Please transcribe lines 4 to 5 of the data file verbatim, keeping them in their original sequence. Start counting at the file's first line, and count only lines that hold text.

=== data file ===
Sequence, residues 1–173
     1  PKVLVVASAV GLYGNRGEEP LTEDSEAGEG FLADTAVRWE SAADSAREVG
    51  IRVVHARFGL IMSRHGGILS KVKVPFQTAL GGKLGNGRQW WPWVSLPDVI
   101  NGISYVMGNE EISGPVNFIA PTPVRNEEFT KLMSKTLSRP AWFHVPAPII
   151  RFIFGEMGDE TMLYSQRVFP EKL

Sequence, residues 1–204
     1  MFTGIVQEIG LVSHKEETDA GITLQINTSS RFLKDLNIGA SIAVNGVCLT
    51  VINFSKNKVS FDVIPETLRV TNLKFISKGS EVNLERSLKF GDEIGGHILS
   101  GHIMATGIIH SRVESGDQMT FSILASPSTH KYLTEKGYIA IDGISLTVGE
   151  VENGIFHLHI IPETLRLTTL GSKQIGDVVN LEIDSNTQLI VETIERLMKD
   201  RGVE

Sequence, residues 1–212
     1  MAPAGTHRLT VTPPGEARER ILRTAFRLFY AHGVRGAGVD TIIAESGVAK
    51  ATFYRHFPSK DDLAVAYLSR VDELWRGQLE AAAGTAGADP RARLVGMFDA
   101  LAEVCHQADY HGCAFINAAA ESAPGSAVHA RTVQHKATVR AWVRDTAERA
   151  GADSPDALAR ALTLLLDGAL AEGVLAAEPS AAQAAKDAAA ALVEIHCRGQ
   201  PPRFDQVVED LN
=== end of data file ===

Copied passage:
   101  NGISYVMGNE EISGPVNFIA PTPVRNEEFT KLMSKTLSRP AWFHVPAPII
   151  RFIFGEMGDE TMLYSQRVFP EKL